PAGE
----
Money has been tight recently, for all of us, I imagine, and that always leads to questions about what to spend money on. We all have to compromise sometimes, much as we may hate to admit it. For myself, the hardest thing is, as I call it, “happy meat.” By happy meat, I mean meat that comes from animals raised healthily and humanely on those pretty pastoral farms we see pictures of everywhere. I’ve often made the assertion that being a locavore doesn’t have to cost more than shopping at your local superstore — and I stand by that. There are other forms of protein, besides meat, readily available in beans and grains. Alternatively, one can always buy smaller amounts of meat as a small amount actually provides more than enough protein for most.
Personally, though, I love meat. Meatless ‘til dinner works great for me, but dinnertime equals meat in my book. But, of course, happy meat costs a whole lot more than unhappy meat. Which leads me, in this time of tighter belts, with two options: give in and eat the unhappy meat, or be creative with odd cuts of meat. Usually, I go the way of creativity and, other times, I spend a little more on prime cuts and cut costs elsewhere. And it is worth it. All of this, however, leads me to consider why “regular” meat is so cheap.
There are a few reasons. For one thing, we’ve figured out how to raise animals in very small spaces. Feed lots are tiny, compared to how many animals are in them, and how much room those animals would take up were they “free roaming” on a pasture. Over time these spaces have shrunk again and again. At this point, most animals are so tightly confined that they can’t even turn around in place, nonetheless walk anywhere.
There are also, of course, the steroids and hormones given to animals to bulk them up. This has been outlawed in poultry, but not in beef, lamb, and pigs. Much is made about this chemical plumping up, and it is most definitely wrong, but, to my mind, there are more insidious problems than that. The reality is that the way we feed these animals would bulk them up considerably, regardless of chemicals. Cows and pigs fed a steady diet of starchy corn and given no opportunity to move around are going to fatten up pretty quickly. Which brings me to the question of feed — these animals are fed corn because the government subsidizes corn, therefore keeping the price of it way below market value. So, the animals are fed the cheapest thing available, which is fattening in the extreme, and kept in small spaces, thereby keeping them inactive. In short, it is pretty clear why most meat in this country is incredibly cheap.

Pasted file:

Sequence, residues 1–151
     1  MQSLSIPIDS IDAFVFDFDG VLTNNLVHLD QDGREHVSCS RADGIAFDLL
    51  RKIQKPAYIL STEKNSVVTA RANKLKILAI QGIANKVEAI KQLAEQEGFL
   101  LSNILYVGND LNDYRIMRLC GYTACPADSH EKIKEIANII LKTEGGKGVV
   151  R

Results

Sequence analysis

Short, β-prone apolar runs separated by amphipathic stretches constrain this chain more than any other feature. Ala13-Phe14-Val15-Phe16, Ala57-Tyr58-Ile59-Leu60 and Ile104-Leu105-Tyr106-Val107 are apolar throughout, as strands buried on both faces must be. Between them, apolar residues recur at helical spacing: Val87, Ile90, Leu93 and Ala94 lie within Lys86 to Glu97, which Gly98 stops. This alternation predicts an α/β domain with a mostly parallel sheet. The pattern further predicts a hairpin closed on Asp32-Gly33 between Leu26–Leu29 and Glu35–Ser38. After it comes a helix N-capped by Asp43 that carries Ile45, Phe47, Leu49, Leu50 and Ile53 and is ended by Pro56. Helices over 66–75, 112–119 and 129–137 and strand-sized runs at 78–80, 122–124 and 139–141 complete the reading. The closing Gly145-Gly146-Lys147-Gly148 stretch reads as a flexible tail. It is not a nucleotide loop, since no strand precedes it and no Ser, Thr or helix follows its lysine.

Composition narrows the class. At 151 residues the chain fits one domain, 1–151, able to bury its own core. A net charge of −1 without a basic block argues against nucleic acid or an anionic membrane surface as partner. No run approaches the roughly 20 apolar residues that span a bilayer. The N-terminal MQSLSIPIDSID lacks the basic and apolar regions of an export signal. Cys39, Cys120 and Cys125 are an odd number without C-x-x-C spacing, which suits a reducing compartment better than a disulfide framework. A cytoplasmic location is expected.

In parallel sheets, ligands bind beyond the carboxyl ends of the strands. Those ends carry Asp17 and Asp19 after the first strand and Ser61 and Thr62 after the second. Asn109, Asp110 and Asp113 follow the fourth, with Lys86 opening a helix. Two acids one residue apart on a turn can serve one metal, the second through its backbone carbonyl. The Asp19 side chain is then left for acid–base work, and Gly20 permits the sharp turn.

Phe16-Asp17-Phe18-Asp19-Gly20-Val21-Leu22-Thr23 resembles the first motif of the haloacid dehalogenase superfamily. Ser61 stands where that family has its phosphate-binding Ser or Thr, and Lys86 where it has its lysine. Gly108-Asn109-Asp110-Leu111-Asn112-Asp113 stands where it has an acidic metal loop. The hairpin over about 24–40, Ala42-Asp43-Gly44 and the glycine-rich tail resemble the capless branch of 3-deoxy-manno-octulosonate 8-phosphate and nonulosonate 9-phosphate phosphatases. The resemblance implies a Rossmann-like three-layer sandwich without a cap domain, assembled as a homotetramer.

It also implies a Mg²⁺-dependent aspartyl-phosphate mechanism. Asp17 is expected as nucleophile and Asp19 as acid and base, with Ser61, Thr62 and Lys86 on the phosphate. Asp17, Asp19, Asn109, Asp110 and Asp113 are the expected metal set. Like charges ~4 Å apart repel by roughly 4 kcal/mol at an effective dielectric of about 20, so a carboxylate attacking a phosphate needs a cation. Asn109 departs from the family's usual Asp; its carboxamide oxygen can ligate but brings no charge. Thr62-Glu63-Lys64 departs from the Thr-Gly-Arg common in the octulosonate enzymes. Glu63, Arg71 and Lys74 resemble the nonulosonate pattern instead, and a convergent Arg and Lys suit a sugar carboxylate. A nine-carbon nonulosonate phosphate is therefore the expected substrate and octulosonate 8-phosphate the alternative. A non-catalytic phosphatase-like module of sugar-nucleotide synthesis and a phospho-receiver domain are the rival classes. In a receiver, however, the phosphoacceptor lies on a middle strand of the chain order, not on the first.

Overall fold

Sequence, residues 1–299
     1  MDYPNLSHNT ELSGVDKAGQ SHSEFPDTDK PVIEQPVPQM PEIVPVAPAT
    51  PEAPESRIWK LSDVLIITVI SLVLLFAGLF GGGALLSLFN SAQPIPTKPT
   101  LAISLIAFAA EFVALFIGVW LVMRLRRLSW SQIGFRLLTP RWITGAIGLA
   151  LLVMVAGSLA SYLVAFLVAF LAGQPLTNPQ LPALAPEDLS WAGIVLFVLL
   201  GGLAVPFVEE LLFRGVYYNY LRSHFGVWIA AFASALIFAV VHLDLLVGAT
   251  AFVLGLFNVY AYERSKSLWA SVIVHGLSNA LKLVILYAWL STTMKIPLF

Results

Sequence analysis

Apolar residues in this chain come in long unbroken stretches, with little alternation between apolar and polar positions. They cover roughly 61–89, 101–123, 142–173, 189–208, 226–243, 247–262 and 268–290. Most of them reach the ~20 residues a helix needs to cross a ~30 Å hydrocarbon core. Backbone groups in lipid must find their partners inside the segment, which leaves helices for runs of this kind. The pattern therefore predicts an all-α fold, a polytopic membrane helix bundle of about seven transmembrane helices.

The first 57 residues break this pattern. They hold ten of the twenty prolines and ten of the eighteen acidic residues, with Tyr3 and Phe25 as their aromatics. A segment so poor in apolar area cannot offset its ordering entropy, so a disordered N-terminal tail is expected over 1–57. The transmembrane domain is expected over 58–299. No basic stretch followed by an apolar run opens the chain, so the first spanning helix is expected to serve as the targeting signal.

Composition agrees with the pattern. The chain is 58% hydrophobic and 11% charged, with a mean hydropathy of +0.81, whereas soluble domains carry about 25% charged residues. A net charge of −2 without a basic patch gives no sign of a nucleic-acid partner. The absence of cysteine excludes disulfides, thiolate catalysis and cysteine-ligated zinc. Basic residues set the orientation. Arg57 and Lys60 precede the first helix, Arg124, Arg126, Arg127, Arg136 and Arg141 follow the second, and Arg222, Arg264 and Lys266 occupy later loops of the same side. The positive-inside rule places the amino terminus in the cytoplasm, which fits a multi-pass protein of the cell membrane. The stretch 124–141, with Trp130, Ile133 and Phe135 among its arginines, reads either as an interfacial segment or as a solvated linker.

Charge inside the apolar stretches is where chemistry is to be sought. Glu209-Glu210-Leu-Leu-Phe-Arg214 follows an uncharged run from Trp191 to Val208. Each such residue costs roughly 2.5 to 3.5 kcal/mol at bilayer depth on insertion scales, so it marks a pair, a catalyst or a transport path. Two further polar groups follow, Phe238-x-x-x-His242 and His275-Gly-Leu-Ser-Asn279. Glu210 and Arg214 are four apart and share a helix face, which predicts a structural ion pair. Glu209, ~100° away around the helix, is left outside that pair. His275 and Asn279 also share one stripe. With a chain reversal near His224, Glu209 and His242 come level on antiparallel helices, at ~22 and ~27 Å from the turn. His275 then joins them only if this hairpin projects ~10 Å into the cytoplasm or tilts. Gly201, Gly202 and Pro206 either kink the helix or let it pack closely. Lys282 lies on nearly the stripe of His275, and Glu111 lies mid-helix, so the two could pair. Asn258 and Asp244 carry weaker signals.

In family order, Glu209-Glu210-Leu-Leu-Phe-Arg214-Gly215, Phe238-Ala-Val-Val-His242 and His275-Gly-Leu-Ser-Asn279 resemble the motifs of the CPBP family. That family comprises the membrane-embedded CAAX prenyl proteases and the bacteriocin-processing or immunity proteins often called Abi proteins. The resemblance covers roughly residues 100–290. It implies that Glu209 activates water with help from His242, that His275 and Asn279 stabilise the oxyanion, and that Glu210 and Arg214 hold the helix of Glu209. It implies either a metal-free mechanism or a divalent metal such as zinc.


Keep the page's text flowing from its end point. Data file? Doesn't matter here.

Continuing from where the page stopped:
All this cheapness leads to sick animals and bad meat. Many animals become sick due to the intense confinement. They are also growing bigger, much faster, than their organs and joints can handle. All of those problems lead to the use of antibiotics, which may help the animals in the short run, but is certainly not good for us meat eaters. The lack of space also leads to much unhappiness among the animals. We’re talking unhappiness to the point where, as but one example, pigs will often bite the tail off of the pig in front of them. Which, in turn, leads to infection, leads to increased medication, leading to less healthy meat. And I imagine it’s pretty awful for the pigs, too.
Feeding corn to cows, meanwhile, is a whole litany of problems. Cows are designed to eat grass. Feeding them corn makes for fattier beef (not so good for us) and leads to a higher level of acidity in their stomachs. E. Coli, which is a very common bacterium, used to be killed off in the acidic environment of the cow’s stomach. Now, due to the changes in the cow’s life (extra acidity from the corn, stress from the feedlot life, constant exposure to and immersion in their own manure, etc), a strain of E. Coli has developed that is acid resistant. The confinement on the feedlot means that any cows who develop this strain of E. Coli will pass it on to the other cows more readily than they would if these cows had room to roam. This E. Coli, no longer killed off and able to move from host to host easily, finds its way into our meat, which is really not good for us.
There are many other problems with our engineering super cheap meat. I haven’t even touched on the environmental aspects of feed lots or the monoculture farming that feeds them. I haven’t talked about poultry operations much at all. But I think the point is clear enough: cheap meat is unsafe meat. At this point, personally, I can’t stomach eating that “family pack pork chop special,” even for the delicious price of $0.99/pound. It makes me feel sick and vaguely dirty. So skip the sick animals and start cooking up some “happy” pork shoulder, lamb shank, or beef roast. Even at “Whole Paycheck” prices, cuts like pork shoulder goes for $2.99/pound. And it still tastes like delicious, delicious meat.